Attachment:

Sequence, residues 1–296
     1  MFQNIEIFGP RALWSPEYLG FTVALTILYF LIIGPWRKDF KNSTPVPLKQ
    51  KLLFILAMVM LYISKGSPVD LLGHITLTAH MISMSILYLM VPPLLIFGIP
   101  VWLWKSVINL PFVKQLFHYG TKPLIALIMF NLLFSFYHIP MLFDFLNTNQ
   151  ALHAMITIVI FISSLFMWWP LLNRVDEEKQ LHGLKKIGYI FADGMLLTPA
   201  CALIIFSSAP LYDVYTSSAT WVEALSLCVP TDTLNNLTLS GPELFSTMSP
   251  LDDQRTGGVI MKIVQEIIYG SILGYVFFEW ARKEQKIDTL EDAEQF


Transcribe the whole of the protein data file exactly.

Sequence, residues 1–296
     1  MFQNIEIFGP RALWSPEYLG FTVALTILYF LIIGPWRKDF KNSTPVPLKQ
    51  KLLFILAMVM LYISKGSPVD LLGHITLTAH MISMSILYLM VPPLLIFGIP
   101  VWLWKSVINL PFVKQLFHYG TKPLIALIMF NLLFSFYHIP MLFDFLNTNQ
   151  ALHAMITIVI FISSLFMWWP LLNRVDEEKQ LHGLKKIGYI FADGMLLTPA
   201  CALIIFSSAP LYDVYTSSAT WVEALSLCVP TDTLNNLTLS GPELFSTMSP
   251  LDDQRTGGVI MKIVQEIIYG SILGYVFFEW ARKEQKIDTL EDAEQF